You may have the experience of putting together a project proposal for a potential client, but what about making life easier for clients at the very start by showing them how to prepare a photographer's brief to help them define exactly what they're after and, subsequently, help you understand their requirements?
Before you make a project proposal, you generally find out the key things your client is looking for. Obviously, you cannot provide a quote for them until you know what the job will realistically involve. Although we may respond to potential inquiries with our day rate, we still need to know all details involving this job, from image usage to location, from the type of files they require to the equipment you'll need to fulfill this assignment.
To stop you from wasting the precious time in coming up with of all the questions you should ask before taking on the assignment, have you considered creating a photographer's brief, which on the surface makes it easier for clients to detail exactly what they're seeking, but in reality makes your life a lot easier, too? Photographers from Decoy Media have put together a helpful resource that gives advice to clients on answering all the key questions the photographer may require, which in return helps the photography assignment run smooth, and helps the photographer deliver results that are exactly what the client was looking for.
As with anything in life, small details are key. Decoy Media start their photographer's brief with essential information, such as:
- Who is the client?
- What is the project?
- Where will the shoot be located?
- What are the start/finish times? (Include a full running order if applicable)
- Include the name and mobile number of someone there on the day
For this, it's important to let the client consider alternatives, such as, what happens if the weather has extreme conditions and shooting isn't possible in the chosen location or at the chosen time of the day. Equally, the client must be informed on photographer's policies if the shoot runs over the scheduled time. Furthermore, Decoy Media stress the importance of your client explaining more about the essence and ethos of their brand, which will give you, the photographer, a better idea on how your client wants their brand to be represented in the visual content that you create for them.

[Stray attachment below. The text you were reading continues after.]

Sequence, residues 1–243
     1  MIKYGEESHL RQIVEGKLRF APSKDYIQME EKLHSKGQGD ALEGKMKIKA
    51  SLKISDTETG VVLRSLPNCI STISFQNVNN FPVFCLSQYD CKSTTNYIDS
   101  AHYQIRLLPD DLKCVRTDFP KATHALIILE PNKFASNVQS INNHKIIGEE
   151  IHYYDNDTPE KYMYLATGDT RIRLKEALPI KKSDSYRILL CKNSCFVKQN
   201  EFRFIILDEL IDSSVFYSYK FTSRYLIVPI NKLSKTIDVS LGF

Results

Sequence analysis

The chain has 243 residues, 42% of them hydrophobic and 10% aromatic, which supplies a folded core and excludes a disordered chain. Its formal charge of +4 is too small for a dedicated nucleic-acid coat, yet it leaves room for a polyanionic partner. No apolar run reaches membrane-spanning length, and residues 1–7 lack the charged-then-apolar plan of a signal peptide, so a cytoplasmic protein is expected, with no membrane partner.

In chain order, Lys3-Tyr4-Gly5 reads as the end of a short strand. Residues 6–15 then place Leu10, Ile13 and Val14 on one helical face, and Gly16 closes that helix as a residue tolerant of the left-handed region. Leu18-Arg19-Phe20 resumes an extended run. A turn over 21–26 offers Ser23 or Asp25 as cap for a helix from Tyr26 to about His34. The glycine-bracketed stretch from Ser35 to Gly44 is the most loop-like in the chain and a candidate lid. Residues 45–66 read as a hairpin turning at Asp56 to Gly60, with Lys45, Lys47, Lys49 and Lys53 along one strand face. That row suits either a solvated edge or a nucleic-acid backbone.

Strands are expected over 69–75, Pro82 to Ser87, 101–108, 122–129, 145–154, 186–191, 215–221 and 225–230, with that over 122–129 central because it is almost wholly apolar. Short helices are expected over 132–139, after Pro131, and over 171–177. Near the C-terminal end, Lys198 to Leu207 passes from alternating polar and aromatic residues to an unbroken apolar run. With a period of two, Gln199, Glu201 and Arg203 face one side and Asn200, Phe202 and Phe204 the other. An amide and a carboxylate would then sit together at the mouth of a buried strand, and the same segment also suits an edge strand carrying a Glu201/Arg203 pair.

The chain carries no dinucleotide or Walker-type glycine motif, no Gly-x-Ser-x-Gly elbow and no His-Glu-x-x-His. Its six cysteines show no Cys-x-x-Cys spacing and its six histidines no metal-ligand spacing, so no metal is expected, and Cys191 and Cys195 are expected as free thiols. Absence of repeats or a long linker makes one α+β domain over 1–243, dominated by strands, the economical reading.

The list covers several crucial questions, from "what are your objectives?" all the way to "what are your expectations for delivery?"; if you'd like to see the full list, view it here. Majority of vital questions and considerations are covered in this list, and should give you enough information to work with if you are looking to create a similar resource to share with your clients. Perhaps, consider creating an online questionnaire that your client can fill in, without having to print off a single sheet of paper. Having it all summarized in one place will also help you refer to it should any questions or discrepancies arise before, during or after the shoot. I use this exact idea for my wedding clients, and it's been invaluable to have all this information on hand without having to trawl through a bunch of emails, where you may have discussed different options or ideas!